An employee approaches their leader to discuss a current issue hoping for an immediate resolution. The discussion starts off strong but then the leader's phone rings and they look to see who's calling. The leader apologizes for the distraction and asks the employee to continue. Another minute into the conversation you notice the leader looking at their computer hoping to see what that darn e-mail says. When the leader sees the employee getting frustrated they turn towards the employee trying to listen, but starts yawning, looking away, or day dreaming as they stare at the employee with a hypnotized look. The employee then walks away in frustration knowing that leader heard maybe a minute of their conversation.
I know I'm guilty of not listening to an employee that reported to me like in the example above. That employee lost confidence in me as a leader, feeling irritated, frustrated, and not important. That's why listening completely is crucial for leadership. Listening helps build confidence, makes people feel good, motivates, increases job satisfaction, and increases self-worth.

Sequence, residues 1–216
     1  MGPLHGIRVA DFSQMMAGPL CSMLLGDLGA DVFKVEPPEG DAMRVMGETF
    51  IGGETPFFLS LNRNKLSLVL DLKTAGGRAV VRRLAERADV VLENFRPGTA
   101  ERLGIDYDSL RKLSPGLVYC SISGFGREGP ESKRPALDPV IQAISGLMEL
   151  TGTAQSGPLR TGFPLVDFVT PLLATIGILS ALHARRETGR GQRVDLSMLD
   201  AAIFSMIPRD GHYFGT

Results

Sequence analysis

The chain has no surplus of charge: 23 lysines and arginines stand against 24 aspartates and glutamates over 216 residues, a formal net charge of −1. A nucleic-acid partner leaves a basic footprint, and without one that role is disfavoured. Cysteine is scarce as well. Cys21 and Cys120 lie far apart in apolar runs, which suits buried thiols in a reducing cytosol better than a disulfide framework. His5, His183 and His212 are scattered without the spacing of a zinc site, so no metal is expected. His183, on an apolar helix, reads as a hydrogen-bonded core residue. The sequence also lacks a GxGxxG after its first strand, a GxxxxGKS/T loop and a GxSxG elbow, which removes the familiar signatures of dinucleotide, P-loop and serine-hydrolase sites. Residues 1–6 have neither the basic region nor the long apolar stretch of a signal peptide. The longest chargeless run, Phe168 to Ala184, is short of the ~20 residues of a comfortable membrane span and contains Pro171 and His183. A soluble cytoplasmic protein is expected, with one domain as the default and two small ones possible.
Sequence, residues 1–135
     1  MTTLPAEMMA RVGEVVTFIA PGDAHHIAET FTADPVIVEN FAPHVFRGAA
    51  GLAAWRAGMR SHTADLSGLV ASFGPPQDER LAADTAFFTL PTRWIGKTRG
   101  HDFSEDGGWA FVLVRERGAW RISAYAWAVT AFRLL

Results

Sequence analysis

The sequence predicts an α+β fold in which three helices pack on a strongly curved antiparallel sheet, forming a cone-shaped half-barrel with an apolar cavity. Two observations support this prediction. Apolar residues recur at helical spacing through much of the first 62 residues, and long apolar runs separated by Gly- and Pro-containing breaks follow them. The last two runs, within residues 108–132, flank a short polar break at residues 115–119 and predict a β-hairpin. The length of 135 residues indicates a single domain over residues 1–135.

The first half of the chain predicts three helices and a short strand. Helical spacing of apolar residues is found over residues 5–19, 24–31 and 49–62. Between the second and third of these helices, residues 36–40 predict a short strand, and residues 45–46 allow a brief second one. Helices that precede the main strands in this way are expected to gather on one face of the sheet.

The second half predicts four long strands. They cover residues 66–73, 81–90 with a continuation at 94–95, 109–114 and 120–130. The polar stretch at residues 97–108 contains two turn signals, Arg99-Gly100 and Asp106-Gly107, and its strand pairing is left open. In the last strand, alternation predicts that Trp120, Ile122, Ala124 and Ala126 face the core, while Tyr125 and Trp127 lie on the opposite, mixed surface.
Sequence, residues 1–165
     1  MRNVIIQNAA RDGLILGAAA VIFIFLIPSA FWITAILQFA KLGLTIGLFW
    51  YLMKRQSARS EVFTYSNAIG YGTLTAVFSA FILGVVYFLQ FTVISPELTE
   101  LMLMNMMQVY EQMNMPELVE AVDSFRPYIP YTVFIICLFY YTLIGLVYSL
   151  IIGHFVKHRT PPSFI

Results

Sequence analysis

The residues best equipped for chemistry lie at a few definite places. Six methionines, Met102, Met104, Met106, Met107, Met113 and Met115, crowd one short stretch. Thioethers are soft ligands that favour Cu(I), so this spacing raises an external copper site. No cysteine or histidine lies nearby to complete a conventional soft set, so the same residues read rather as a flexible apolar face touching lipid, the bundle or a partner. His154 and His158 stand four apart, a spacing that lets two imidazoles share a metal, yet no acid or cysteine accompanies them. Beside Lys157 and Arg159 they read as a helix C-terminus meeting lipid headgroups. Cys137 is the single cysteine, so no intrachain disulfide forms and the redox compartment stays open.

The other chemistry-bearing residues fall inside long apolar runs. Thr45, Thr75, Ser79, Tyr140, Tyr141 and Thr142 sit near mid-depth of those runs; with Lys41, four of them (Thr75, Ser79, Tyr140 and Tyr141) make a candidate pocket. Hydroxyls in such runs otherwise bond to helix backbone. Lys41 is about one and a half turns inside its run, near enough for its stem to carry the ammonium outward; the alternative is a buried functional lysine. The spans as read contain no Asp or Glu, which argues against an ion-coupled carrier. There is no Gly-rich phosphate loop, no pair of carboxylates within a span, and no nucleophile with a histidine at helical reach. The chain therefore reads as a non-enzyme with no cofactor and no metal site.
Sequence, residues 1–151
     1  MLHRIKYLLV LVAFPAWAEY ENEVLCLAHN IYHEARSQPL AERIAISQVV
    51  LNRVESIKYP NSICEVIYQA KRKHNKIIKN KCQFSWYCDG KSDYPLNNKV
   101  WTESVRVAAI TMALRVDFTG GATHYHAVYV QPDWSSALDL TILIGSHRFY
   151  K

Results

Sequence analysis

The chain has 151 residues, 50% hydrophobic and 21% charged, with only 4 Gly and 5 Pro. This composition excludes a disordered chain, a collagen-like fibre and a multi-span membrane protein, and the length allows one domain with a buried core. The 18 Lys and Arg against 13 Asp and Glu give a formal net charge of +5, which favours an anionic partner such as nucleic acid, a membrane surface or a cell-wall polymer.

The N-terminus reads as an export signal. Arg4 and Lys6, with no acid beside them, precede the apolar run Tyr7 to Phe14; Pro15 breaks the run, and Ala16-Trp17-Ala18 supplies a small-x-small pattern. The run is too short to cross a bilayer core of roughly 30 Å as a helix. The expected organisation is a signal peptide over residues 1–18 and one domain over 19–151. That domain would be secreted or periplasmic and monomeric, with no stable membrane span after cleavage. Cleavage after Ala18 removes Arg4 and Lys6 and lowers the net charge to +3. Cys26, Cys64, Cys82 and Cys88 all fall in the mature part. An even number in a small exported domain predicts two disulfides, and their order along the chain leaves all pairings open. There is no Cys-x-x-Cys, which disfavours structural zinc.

Some tips that has helped me be a better listener are,
- Keep Eye Contact
- Ask questions about topics pertaining to the conversation
- Keep an open posture. Make the person feel you are approachable
- Avoid looking at a ringing phone or the computer while in conversation
- Offer possible resolutions when asked
- Offer follow up to see the progress made from these suggested resolutions
Listening takes discipline and is a learned skill, especially with all the possible distractions in an office. It requires that the leader focuses all of their attention to the conversation. Committing to this kind of focus and listening increases a leader's effectiveness and can make them feel good about the job they're doing.